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The Differences Between Vegetable Oil and Olive Oil

The Differences Between Vegetable Oil and Olive Oil

Stephanie Eckelkamp

Every kitchen needs cooking oil. It’s what allows you to saute veggies without them sticking, fry up pancakes to golden perfection, and give those baked goods a lovely moist texture. But choosing a cooking oil that’s both healthy and right for your recipe can be downright confusing. More often than not, people find themselves deliberating between two big contenders: Olive oil and vegetable oil.

Olive oil is both delicious and healthy. It spans a range of flavors depending on the olives used and when they were harvested—from robust, vegetal, and peppery to smooth, buttery, and subtly fruity—and it’s been associated with a ridiculous number of health benefits such as reducing risk of heart disease, reducing inflammation, lowering cholesterol, and more. And while it shines when used in raw applications (e.g. in dressings and as a finishing oil), it’s also fantastic for most cooking.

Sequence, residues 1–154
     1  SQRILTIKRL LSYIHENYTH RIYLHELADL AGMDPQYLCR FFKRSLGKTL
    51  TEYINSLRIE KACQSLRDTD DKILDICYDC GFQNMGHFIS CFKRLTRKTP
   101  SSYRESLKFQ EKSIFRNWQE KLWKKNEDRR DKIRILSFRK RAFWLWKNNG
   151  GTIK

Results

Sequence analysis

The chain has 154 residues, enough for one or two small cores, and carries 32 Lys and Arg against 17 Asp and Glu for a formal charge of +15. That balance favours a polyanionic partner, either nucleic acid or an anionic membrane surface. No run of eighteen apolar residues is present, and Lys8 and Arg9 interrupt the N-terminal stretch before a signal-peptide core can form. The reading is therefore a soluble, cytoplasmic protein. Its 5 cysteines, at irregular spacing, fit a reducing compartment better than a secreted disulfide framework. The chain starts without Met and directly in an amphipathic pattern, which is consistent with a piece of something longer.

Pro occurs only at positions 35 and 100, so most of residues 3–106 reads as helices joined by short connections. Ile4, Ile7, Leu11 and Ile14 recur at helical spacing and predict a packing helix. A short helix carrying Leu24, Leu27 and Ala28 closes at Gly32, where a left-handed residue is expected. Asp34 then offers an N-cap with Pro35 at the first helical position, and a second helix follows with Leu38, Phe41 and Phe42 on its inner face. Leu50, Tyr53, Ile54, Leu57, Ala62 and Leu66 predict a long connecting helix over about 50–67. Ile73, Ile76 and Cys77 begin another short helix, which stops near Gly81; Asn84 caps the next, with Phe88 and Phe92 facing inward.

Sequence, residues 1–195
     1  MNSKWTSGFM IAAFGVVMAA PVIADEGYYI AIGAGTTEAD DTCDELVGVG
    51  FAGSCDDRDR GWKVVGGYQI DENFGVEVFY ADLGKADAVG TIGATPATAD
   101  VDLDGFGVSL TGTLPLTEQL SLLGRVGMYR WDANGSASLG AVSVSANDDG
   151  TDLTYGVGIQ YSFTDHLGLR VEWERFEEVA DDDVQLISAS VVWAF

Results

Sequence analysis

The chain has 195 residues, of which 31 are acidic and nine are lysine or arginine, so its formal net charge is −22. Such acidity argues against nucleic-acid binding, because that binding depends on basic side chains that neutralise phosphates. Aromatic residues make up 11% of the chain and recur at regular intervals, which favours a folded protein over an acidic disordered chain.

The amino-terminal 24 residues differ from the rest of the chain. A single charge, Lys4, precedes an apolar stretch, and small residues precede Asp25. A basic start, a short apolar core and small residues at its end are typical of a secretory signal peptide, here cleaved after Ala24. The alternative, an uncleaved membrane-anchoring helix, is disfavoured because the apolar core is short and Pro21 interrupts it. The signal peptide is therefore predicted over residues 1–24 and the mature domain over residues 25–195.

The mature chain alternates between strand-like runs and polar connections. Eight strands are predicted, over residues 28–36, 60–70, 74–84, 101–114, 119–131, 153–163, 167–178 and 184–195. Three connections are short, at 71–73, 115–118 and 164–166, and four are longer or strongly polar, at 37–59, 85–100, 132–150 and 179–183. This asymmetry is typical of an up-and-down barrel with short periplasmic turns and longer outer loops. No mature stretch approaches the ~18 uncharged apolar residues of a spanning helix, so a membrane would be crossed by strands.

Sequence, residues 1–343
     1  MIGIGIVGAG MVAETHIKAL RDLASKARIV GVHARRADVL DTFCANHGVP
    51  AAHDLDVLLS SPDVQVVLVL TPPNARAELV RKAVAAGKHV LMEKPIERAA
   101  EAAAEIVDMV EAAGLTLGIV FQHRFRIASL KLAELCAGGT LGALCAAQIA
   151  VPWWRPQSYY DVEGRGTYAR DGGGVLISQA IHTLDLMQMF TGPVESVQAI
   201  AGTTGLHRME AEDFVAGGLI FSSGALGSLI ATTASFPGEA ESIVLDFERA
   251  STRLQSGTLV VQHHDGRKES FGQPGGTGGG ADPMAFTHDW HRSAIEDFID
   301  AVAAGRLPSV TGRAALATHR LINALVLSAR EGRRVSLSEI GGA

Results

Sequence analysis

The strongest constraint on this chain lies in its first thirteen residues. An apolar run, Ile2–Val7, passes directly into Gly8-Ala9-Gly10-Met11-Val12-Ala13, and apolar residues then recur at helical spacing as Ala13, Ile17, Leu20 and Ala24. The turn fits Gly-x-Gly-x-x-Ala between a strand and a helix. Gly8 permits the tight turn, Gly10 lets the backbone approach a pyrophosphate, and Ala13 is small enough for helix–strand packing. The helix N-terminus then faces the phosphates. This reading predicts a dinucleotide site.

Vegetable oil, on the other hand, is a little tricky. While it may sound healthy (vegetables are nutritious, after all), it’s name is a little deceiving, as it’s a highly processed oil that’s lost most of its micronutrients during production. Vegetable oil is often recommended for cooking a wide variety of dishes, from cakes to fried chicken, due to its neutral flavor and high smoke point, but recent research suggests that it’s actually not the most stable when heated.

Here, we break down the differences in nutrition, health benefits, taste, and culinary uses for olive oil and vegetable oil, so you can decide which deserves a spot in your pantry.

Vegetable Oil & Olive Oil: How They Are Made

The production of olive oil vs vegetable oil varies quite drastically. Let’s take a look.

How is olive oil made?

In its simplest form, extra virgin olive oil and virgin olive oil is made by picking and washing the olives, grinding and mixing them into a uniform paste, separating the solids (or pomace) from the liquid oil, and filtering the oil. The oil is never exposed to chemicals or high heat during, so its flavors, aromas, and potent bioactive compounds like polyphenols are maintained.